Date of Award

2016

Degree Type

Thesis

Degree Name

Master of Science (Exercise & Sports Science) by Research

School

School of Medical and Health Sciences

First Advisor

Professor Ken Nosaka

Second Advisor

Associate Professor Greg Haff

Abstract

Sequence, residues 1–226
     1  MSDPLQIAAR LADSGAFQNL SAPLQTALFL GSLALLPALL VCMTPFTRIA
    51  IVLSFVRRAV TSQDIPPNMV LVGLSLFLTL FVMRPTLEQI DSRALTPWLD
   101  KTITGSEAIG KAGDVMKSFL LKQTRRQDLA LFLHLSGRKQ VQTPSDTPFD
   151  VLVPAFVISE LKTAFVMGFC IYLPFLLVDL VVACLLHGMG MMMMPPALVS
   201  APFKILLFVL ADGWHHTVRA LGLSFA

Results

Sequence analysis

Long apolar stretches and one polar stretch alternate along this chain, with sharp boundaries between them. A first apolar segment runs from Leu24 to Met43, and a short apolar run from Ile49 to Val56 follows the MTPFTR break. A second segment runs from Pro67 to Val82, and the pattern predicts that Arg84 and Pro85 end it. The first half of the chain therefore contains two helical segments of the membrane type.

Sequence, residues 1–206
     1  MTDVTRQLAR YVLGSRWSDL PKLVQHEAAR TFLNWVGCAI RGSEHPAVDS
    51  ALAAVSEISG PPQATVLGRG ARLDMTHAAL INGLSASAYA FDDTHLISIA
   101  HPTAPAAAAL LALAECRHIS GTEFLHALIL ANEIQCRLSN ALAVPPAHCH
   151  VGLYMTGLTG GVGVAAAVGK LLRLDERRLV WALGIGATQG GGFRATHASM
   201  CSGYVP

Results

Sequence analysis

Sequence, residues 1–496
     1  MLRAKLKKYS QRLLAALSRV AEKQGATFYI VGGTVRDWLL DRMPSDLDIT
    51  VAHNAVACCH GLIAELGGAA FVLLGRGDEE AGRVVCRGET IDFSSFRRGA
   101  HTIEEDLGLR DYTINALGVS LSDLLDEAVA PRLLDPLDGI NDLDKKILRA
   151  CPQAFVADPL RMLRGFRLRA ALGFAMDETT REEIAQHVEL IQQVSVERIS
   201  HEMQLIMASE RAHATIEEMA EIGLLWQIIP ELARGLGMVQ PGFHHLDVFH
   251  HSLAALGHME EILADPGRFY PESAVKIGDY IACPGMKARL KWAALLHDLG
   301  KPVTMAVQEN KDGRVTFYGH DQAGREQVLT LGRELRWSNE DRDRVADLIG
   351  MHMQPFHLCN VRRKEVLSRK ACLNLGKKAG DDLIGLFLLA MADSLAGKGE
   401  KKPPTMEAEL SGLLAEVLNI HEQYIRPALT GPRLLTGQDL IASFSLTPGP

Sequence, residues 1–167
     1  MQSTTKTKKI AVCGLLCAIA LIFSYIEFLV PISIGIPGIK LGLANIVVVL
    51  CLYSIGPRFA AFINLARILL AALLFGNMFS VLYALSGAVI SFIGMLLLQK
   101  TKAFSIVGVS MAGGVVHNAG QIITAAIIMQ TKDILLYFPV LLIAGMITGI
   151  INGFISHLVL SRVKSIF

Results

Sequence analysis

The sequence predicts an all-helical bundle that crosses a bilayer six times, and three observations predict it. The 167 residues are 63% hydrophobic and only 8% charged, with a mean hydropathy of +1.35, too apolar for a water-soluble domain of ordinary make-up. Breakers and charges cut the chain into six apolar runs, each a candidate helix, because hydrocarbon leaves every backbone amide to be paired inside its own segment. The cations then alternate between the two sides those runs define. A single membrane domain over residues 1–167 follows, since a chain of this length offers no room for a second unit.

This study investigated muscle damage of bodybuilders who performed an unaccustomed intense resistive exercise bout. Ten male bodybuilders (age: 23 ± 2 y, height: 177.6 ± 6.3 cm, body mass: 85.7 ± 8.1 kg) with a minimum of 4-years resistance training experience performed 17 exercises targeting the pectoral muscles. Eight of the 10 bodybuilders repeated the same exercises two weeks later. Muscle function (bench press throw, maximal isokinetic elbow extension and flexion concentric torque: MVC torque), muscle soreness using a visual analogue scale (VAS: 100-mm), and plasma creatine kinase (CK) activity were assessed before, immediately after and 24, 48 and 72 hours after exercise. Bench press throw peak force decreased immediately (23 ± 20%) and 24 hours after the first exercise bout (9 ± 15%), but, returned to baseline (930 ± 129 N) by 48 hours post-exercise (P<0.05). MVC torque also decreased but, returned to baseline by 48 hours post-exercise. Muscle soreness peaked 24 hours post-exercise (57 ± 22 mm). No significant changes in plasma CK activity were evident after the exercise at any corresponding time point. When compared between the first and second bouts, changes in bench press throw parameters and MVC torque were similar, but muscle soreness was less (P<0.05) after the second (47 ± 26 mm) than the first bout (68 ± 27 mm). Similarly, the magnitude of volume performed was significantly greater in the second bout (11,433 ± 674 kg) as opposed to the first (10,384 ± 670 kg) due to the repetitions to volition failure (P<0.001). It is concluded that bodybuilders still experience minor loss of muscle function lasting for 2 days after unaccustomed exercise targeting the chest muscles, but muscle soreness was relatively severe, and no repeated bout effect was evident for muscle function measures, but minor repeated bout effect was evident for muscle soreness. This may be a due to potential limitations of continual adaptations.

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